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Ecology, Conservation, and Restoration of Tidal MarshesThe San Francisco Estuary$
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Arnas Palaima

Print publication date: 2012

Print ISBN-13: 9780520274297

Published to California Scholarship Online: January 2013

DOI: 10.1525/california/9780520274297.001.0001

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PRINTED FROM CALIFORNIA SCHOLARSHIP ONLINE (www.california.universitypressscholarship.com). (c) Copyright University of California Press, 2021. All Rights Reserved. An individual user may print out a PDF of a single chapter of a monograph in CALSO for personal use.date: 17 September 2021

Current Issues in Tidal Marsh Restoration

Current Issues in Tidal Marsh Restoration

Chapter:
(p.253) Chapter Eighteen Current Issues in Tidal Marsh Restoration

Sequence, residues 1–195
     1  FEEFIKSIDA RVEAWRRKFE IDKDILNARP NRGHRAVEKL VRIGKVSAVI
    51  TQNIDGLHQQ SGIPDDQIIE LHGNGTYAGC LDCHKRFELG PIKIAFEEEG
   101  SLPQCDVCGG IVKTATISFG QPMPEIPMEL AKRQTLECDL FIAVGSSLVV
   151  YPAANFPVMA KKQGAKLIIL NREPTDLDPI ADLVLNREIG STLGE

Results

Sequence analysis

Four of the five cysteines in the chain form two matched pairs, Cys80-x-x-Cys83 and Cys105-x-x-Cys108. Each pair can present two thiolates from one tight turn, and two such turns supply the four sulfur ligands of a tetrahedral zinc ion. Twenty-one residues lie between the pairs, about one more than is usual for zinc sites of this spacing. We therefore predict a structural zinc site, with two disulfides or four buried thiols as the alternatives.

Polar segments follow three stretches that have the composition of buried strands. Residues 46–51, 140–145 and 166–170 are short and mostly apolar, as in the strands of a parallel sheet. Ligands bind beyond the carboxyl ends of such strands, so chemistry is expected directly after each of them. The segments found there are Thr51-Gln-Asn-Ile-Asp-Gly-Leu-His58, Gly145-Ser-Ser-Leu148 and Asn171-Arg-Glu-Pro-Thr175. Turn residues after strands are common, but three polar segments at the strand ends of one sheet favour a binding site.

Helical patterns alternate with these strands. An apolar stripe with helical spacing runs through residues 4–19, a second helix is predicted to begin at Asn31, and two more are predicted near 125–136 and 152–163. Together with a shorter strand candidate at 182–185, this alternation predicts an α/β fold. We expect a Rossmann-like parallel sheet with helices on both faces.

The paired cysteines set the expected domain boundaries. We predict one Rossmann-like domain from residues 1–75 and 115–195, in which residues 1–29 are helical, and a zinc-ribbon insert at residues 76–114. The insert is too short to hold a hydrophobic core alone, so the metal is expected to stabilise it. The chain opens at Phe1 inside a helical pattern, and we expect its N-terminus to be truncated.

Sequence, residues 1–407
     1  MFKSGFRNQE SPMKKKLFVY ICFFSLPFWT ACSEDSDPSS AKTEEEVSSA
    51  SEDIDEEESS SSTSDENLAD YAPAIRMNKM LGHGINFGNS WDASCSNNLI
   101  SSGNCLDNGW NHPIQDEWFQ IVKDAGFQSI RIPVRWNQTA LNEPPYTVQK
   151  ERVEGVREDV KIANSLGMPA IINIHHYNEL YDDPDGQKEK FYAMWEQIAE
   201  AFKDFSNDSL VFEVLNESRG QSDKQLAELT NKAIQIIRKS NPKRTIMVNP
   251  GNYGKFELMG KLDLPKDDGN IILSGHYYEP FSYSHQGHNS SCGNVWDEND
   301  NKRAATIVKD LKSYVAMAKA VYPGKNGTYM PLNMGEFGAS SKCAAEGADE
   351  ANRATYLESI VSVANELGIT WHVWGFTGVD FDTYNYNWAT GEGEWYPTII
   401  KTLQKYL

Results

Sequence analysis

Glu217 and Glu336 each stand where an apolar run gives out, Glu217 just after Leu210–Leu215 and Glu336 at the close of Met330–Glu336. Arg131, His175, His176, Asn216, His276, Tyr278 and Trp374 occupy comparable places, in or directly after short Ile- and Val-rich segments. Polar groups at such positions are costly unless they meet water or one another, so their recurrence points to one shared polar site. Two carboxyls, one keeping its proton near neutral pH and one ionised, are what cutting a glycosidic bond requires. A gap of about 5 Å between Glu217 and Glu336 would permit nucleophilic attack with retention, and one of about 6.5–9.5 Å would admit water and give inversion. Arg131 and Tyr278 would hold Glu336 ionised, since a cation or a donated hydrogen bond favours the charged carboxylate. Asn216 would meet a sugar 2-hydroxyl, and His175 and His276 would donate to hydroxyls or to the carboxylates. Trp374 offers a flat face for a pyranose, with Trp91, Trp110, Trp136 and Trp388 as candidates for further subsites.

Source:
Ecology, Conservation, and Restoration of Tidal Marshes
Author(s):

John C. Callaway

V. Thomas Parker

Publisher:
University of California Press
DOI:10.1525/california/9780520274297.003.0018

Approaches for tidal-marsh restoration in San Francisco Bay and Delta continue to evolve, with a focus on promoting the natural development of restored marshes. Allowing for natural marsh development enhances the physical and biological heterogeneity of restored marshes, including tidal-channel formation. The scope of restoration efforts within the bay and delta has increased substantially over the last few decades, with large-scale, regional efforts replacing smaller-scale, mitigation-based restoration. There has also been a growing focus on the restoration of brackish and freshwater tidal marshes, rather than just salt-marsh restoration. Finally, climate change has become a major consideration for current and future bay and delta restoration; major restoration concerns for climate change include evaluating its impact on marsh migration and connectivity, carbon sequestration, and invasive species.

Keywords:   adaptive management, carbon sequestration, climate change, invasive species, marsh migration, mitigation, regional restoration planning, spatial heterogeneity

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